The last scene, all of us in the semi-darkness backstage, shadows on black paint, yellow feathers and golden headpieces. “Garis, garis.” We shuffle into line, steps made small by tightly-wrapped batik, blue and white this performance. Shinta steps up beside us; Trijata, dressed in red. I don’t recognize this part of the music, but the girls move in front of me and I go, small steps small steps onto the lit stage.
Rama and Shinta reunited, finally. No dancing for me. I sit, second line of girls, facing the center. The ground still holds the sun’s warmth from hours before. Earlier, it burned beneath my bare feet; now it’s a mere comfort beneath my knees, a reminder.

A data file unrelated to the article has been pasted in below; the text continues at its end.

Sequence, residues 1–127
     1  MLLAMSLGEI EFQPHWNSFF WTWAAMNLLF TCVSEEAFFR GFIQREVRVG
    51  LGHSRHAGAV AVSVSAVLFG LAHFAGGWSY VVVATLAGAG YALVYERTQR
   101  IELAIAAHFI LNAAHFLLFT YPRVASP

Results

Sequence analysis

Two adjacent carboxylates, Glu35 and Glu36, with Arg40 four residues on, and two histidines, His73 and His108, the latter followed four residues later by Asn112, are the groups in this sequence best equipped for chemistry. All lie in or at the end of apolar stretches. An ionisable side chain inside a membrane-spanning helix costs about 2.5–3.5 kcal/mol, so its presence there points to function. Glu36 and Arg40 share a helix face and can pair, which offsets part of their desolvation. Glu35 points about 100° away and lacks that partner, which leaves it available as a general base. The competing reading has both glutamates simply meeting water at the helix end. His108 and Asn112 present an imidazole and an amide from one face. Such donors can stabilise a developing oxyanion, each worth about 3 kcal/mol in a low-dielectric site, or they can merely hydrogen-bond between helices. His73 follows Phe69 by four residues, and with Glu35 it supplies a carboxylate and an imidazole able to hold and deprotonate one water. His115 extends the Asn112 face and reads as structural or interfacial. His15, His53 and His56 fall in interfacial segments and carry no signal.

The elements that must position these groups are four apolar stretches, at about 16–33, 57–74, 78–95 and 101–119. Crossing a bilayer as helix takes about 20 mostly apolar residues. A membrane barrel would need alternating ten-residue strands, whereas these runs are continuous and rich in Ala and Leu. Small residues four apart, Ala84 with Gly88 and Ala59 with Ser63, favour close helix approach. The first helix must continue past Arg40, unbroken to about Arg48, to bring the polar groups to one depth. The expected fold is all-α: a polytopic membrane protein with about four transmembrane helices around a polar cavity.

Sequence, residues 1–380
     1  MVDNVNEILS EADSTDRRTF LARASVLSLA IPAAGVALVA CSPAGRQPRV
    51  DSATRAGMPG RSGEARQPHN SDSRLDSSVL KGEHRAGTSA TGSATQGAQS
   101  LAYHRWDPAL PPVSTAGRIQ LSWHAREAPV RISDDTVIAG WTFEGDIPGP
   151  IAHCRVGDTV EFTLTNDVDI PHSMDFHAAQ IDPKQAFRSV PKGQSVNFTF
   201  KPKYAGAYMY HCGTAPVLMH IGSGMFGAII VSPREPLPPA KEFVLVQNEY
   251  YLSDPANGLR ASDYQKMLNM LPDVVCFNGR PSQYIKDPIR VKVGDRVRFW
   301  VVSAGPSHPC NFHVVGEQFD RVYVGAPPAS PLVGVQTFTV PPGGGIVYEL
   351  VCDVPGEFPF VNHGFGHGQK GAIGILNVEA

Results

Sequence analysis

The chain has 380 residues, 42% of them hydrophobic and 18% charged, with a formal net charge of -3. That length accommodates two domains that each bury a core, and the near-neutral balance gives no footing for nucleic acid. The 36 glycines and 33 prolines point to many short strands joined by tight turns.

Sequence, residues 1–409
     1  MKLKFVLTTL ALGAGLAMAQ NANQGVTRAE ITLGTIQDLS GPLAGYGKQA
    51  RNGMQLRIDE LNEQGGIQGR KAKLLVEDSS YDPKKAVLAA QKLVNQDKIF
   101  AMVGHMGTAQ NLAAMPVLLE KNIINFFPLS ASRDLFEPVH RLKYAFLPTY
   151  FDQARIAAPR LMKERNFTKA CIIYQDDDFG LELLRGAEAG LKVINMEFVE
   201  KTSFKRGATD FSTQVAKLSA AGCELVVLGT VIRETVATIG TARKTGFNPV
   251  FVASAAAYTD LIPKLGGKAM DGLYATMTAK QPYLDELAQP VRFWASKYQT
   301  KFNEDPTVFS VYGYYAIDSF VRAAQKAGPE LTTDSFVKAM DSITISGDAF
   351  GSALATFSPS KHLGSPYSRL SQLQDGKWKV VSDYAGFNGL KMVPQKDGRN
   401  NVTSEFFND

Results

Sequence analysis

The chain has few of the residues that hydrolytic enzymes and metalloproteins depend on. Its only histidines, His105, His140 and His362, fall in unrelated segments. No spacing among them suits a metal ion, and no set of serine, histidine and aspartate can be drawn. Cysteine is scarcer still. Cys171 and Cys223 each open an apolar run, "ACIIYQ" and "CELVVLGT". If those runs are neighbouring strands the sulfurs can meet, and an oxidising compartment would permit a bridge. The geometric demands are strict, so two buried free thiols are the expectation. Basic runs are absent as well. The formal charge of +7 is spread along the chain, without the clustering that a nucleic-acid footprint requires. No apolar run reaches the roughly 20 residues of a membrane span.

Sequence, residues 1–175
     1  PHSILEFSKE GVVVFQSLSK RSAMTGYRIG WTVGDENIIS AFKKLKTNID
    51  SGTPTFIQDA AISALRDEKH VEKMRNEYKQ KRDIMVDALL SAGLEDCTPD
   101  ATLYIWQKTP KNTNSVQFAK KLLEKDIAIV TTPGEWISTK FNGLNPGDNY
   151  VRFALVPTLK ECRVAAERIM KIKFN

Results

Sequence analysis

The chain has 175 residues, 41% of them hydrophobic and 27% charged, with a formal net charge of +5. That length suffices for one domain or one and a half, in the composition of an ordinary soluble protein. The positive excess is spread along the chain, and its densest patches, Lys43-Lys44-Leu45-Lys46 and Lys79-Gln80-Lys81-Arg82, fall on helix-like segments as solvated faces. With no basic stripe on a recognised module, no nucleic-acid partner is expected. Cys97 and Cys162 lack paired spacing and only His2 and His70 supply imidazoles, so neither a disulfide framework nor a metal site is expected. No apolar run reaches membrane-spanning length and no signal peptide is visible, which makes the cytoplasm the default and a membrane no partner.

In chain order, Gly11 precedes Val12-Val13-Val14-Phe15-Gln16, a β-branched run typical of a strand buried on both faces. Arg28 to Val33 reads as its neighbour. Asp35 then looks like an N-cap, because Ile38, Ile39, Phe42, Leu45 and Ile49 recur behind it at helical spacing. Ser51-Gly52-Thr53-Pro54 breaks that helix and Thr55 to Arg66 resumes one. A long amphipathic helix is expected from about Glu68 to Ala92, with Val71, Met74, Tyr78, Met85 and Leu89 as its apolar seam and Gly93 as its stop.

Rama takes the flower from Shinta’s headpiece, flicks it in the air, turns away. Everything sparkles. The coldest thing I’ve ever seen, right at that moment. His face stern, Shinta still kneeling before him.
We don’t watch her burn, turning our faces away, slanting our gazes toward the ground. Rama doesn’t watch either, doesn’t acknowledge what she’s been driven to, what he’s driven her to.
When it’s clear she’s survived, we turn, he turns, the spotlight closes in on them, their faces, then shuts off. In the darkness, we stand, make a line, wait for the lights. In front of our line of girls, Shinta’s fingers close around Rama’s wrist, tug him into place.